David Sumray said...

Alice died on 23rd February. She used to say that 'The world is wonderful. It is full of beauty and full of miracles'. It is, and Alice was one of those beautiful miracles.

Hels said...


many thanks. I have added a line to the post.

What a life! Rest in peace, Alice.

Hels said...

Just a fortnight after I wrote the post and a week after Alice Herz Sommer past away, "The Lady in Number 6: Music Saved My Life" won the following prestigious award:

2014's Oscar for the Best Documentary Short.

Unknown said...

I'm so glad this won. Sad she passed last week. Thankfully her story is now immortalized in film.

Hels said...


timing is everything! Imagine if the producer hadn't raised enough money by 2013 or the director was still busy on another project.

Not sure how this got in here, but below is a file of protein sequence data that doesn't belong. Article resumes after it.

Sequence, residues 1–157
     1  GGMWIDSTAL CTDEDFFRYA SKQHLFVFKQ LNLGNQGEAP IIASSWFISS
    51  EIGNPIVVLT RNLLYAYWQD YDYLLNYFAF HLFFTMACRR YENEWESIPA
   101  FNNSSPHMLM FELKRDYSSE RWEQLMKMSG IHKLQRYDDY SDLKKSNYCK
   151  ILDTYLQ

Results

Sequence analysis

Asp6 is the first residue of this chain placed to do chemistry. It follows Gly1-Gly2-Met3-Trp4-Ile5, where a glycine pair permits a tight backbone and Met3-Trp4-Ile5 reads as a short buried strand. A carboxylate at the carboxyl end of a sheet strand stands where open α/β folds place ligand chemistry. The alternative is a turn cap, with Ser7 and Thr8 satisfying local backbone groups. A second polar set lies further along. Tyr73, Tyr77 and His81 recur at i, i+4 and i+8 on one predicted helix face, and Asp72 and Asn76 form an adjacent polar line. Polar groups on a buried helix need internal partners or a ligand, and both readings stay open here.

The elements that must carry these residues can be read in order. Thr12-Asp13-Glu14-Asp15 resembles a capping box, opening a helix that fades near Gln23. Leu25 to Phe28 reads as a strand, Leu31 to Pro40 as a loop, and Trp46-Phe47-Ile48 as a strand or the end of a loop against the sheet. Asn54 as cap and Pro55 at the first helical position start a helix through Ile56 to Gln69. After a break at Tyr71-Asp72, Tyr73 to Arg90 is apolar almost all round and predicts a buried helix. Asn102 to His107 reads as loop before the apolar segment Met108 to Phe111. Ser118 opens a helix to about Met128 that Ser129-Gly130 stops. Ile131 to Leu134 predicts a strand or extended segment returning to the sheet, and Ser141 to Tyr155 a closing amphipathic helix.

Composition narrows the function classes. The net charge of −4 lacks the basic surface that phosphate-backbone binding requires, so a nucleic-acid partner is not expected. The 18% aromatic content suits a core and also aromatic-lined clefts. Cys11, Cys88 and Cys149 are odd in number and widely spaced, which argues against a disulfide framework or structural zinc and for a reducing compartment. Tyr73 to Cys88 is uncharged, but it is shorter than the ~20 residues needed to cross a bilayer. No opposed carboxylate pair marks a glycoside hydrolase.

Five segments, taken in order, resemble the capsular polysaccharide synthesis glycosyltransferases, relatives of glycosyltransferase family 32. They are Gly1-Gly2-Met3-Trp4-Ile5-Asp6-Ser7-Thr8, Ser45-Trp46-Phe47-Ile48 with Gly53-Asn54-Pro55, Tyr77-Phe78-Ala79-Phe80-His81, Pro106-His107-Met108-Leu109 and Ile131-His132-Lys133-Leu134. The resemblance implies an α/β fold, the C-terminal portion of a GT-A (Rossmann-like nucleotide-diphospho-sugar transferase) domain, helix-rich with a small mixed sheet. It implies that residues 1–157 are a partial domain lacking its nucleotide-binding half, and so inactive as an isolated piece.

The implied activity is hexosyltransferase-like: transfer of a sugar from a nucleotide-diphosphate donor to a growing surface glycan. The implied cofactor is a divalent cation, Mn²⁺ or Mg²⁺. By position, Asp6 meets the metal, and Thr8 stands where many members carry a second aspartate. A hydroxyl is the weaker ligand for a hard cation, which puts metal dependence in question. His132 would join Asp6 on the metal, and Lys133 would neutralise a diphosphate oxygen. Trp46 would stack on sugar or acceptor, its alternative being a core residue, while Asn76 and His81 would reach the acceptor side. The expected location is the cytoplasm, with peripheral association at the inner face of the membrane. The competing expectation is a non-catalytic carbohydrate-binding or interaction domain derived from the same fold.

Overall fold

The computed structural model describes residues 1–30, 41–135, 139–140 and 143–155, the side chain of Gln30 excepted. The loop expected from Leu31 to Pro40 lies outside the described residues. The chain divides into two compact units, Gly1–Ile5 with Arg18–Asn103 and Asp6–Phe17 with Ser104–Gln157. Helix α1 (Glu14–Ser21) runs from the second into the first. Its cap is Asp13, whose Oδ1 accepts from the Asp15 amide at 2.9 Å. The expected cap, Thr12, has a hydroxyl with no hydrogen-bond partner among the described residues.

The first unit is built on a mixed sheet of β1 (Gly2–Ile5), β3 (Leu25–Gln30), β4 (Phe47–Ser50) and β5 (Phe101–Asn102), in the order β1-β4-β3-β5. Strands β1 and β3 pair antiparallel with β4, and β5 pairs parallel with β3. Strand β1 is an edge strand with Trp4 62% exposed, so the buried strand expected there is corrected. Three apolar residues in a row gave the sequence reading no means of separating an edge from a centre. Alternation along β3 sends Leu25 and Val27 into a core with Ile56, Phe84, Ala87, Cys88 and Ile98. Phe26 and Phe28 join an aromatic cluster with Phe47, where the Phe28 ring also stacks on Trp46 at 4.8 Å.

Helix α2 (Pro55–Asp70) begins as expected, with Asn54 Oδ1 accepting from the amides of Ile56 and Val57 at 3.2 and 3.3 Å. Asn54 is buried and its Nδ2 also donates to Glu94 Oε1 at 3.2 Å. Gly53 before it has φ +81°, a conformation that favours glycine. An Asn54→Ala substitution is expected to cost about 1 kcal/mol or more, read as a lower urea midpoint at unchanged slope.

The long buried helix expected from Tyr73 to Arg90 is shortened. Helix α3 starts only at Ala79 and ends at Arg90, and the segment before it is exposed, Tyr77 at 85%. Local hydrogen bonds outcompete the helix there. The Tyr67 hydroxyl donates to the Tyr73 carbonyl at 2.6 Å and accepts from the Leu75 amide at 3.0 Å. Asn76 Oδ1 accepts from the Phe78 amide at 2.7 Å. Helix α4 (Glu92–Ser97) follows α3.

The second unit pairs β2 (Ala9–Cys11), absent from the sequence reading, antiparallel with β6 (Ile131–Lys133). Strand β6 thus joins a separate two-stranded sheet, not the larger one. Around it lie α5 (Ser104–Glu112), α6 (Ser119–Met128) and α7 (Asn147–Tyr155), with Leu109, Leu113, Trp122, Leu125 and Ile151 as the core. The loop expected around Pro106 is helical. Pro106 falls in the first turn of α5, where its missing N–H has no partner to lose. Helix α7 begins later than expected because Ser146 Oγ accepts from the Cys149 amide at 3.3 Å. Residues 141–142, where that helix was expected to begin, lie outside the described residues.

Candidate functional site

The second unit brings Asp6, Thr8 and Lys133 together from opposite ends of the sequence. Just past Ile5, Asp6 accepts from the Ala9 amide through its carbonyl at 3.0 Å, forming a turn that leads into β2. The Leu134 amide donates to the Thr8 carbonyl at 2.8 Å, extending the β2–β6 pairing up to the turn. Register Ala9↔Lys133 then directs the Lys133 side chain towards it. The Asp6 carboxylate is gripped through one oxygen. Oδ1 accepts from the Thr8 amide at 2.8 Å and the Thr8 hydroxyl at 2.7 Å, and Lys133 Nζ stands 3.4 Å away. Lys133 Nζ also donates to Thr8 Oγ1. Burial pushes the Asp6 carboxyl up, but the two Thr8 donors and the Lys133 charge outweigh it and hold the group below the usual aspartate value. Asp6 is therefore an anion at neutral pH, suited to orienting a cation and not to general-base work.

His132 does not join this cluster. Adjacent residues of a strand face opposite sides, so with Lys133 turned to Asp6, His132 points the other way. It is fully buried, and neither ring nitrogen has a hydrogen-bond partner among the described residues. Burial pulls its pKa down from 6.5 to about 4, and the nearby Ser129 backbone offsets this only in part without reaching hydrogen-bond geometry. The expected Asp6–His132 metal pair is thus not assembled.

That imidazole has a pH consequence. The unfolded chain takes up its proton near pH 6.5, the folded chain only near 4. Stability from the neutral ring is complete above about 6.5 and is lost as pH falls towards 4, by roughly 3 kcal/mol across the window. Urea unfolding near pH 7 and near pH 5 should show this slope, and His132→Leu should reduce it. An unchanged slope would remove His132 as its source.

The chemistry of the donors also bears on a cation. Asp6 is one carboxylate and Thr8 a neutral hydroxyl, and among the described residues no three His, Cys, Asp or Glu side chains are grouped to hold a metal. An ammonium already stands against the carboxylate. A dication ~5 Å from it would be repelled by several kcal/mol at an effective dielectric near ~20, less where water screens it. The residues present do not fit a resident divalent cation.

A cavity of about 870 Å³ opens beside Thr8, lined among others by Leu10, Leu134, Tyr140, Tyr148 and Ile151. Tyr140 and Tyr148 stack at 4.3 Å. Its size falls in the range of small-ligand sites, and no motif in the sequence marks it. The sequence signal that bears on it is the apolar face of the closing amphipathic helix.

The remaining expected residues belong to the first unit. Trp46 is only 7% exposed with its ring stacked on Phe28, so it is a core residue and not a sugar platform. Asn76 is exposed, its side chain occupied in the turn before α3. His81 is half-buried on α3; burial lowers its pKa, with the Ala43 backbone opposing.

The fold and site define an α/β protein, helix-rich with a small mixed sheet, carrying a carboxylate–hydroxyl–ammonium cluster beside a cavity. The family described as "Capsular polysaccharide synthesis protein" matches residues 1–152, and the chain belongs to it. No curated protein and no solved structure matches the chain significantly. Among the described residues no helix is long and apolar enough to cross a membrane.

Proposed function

This film was protected from above, I think :)

iODyne said...

not just the NAZI Germans, or Austrian Adolf, but the Russians were pretty evil too. Their arts intelligentsia had already fled to Paris in 1920. I have just read 2 books by the daughter of Josef Stalin and he was able to eliminate close members of his own family without a second thought. Do we all have this capacity within us?
I know I could really enjoy hurting anyone who maliciously harmed an animal or child.
Right now Australia - the country that was made by people fleeing The Potato Famine and the vicious Highland Clearances by the English, just turns it's National Back on the many sad people who just want to live where nobody shoots at them. Hypocrisy is rampant everywhere.

Hels said...


The question of turning away desperate refugees and asylum seekers in small leaky boats makes me ashamed of being Australian. Everyone I know is either the child or grandchild of a refugee; in fact Australia used to actively recruit new immigrants (as long as they were "suitable").

For an important petition on saving refugees, see "Asylum seekers and refugees - Australia's future? or our destroyers?"